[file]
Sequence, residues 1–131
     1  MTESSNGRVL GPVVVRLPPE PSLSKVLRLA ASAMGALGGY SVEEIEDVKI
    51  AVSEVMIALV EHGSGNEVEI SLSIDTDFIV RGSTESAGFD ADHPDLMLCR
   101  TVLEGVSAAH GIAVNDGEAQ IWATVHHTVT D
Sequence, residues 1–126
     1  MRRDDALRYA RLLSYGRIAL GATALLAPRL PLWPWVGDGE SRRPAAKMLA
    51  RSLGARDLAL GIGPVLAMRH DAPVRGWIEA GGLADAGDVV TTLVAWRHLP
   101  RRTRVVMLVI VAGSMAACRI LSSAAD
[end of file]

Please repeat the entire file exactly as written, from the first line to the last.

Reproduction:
Sequence, residues 1–131
     1  MTESSNGRVL GPVVVRLPPE PSLSKVLRLA ASAMGALGGY SVEEIEDVKI
    51  AVSEVMIALV EHGSGNEVEI SLSIDTDFIV RGSTESAGFD ADHPDLMLCR
   101  TVLEGVSAAH GIAVNDGEAQ IWATVHHTVT D
Sequence, residues 1–126
     1  MRRDDALRYA RLLSYGRIAL GATALLAPRL PLWPWVGDGE SRRPAAKMLA
    51  RSLGARDLAL GIGPVLAMRH DAPVRGWIEA GGLADAGDVV TTLVAWRHLP
   101  RRTRVVMLVI VAGSMAACRI LSSAAD